|Where do Canadian consumers
look to get information about mortgage loans?
Do they make full use of all the available
information sources? Do borrowers shop around for mortgage loans or
just accept the first proposal they get?
Do today's homebuyers take out mortgages with
their current financial institution or do they take their business
Finally, when it comes time for homeowners to
renew their mortgages, do they show any loyalty to their existing
lender and do they accept the first offer they are given?
These and many other questions about the behaviour
of mortgage consumers are answered in a recently released study by
the Canadian Institute of Mortgage Brokers and Lenders. The 2001
Mortgage Consumer Survey provides a fascinating insight into
consumer behaviours and attitudes toward sources of mortgages and
Two similar surveys completed in previous years
were available to members only upon payment of a subscription fee of
$5,000. This year, with the financial assistance of Canada Mortgage
and Housing Corp., the study has been publicly released without
charge for the first time.
ComQUEST Research Inc. conducted 850 interviews by
telephone and the results are said to be accurate within a range of
3.4 per cent, 19 times out of 20.
The study found that mortgage consumers requiring
new mortgage financing to buy a home make up 47 per cent of the
active mortgage market across the country. These are split almost
evenly between first-time buyers and repeat buyers.
A mortgage consumer is defined as one who has
recently obtained or renewed a mortgage or who plans to do so in the
Given the frenzied market in new homes and
condominiums in the Greater Toronto Area, my impression is that the
47 per cent figure would be higher in the GTA than the national
average. Nationally, the active mortgage market comprises 53 per
cent who are mortgage renewers.
Based on the actual number of transactions,
renewers account for 68 per cent of mortgage activity, while 32 per
cent are new mortgages.
Again, from my own observations, the percentage of
new mortgages should be higher in the GTA than the national average.
According to the study, when consumers are looking
for information about mortgages, they rely on their existing loans
officers (76 per cent for renewers and 61 per cent for purchasers).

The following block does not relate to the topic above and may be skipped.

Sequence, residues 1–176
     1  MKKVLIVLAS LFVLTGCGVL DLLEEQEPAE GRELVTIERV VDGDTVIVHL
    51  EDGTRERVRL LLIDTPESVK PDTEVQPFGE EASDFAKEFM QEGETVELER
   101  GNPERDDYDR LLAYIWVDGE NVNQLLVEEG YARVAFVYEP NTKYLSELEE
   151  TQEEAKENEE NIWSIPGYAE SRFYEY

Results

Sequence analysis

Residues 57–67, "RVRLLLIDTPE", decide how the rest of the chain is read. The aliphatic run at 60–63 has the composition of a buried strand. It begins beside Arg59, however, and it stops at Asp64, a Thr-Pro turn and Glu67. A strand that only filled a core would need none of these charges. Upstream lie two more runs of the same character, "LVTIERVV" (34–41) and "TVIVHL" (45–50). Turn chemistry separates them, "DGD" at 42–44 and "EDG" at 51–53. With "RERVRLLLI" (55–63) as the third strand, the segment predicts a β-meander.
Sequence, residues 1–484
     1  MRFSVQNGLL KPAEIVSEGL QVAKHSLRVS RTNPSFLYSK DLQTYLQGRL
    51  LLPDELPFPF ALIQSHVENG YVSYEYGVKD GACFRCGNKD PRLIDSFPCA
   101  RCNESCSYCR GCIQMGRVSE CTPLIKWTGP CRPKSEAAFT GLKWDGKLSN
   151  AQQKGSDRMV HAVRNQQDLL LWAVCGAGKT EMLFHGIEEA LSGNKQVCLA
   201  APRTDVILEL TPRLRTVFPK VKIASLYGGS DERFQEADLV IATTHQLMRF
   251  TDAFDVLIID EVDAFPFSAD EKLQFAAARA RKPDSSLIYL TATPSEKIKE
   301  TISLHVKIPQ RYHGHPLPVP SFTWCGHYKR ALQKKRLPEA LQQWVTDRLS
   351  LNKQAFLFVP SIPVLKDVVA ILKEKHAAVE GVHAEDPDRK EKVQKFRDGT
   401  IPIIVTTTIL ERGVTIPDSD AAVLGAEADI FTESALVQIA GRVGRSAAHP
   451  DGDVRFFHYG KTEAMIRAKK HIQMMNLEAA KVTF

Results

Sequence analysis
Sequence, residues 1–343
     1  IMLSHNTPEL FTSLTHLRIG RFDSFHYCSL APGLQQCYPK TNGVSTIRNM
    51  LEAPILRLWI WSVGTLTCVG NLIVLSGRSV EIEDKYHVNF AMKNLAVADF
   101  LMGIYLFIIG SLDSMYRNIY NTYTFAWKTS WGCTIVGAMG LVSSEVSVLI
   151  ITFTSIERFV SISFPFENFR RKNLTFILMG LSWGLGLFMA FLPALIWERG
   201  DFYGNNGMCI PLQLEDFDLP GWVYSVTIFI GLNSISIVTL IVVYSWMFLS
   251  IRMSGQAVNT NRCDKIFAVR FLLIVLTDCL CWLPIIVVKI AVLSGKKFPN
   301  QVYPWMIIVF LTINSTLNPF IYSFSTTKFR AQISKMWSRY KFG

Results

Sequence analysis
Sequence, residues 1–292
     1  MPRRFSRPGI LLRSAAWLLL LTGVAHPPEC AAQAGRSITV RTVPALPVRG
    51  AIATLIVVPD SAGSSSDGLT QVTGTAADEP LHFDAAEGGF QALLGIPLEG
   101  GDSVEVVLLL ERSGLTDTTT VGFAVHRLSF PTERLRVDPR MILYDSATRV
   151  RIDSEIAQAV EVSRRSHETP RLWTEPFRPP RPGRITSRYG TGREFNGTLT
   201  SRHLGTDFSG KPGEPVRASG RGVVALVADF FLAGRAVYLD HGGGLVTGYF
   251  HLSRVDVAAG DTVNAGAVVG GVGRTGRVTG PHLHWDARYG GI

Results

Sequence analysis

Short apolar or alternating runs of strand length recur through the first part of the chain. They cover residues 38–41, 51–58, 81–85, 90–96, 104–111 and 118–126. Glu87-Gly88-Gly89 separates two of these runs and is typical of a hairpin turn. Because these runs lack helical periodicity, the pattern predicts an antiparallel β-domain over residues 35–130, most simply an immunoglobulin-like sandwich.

Surprisingly, only 30 per cent of consumers look
to the Internet for mortgage-related information, although
first-time buyers have a somewhat higher tendency to look for
information online (41 per cent).
Based on my own law practice, I would guess that
this number is higher in the GTA, where Internet penetration is
probably higher than in some parts of the country.
People are relying less and less on printed
information produced by the financial institutions.
Compared to figures from 2000, this number has
dropped from 65 per cent to 41 per cent for purchasers and from 63
per cent to 35 per cent for renewers.
One of the most surprising conclusions of the
study was that fewer people are shopping around for a mortgage.
The proportion of consumers who got quotes from
different lenders has dropped from 61 per cent in 1999 to only 43
per cent last year.
Among new home buyers, the trend is even more
pronounced. Last year only 39 per cent shopped around, down
dramatically from 65 per cent the previous year.
More and more buyers are getting mortgage
pre-approvals. The figure stands at 75 per cent, up from 66 per cent
At the same time, the number of repeat buyers who
remain loyal to their current financial institution has dropped to
67 per cent from 80 per cent in 2000.
As for mortgage renewers, almost 90 per cent
stayed with their current lender, and a surprising 62 per cent
accepted the lender's original renewal offer.
All of this is food for thought as interest rates
begin a slow climb upward.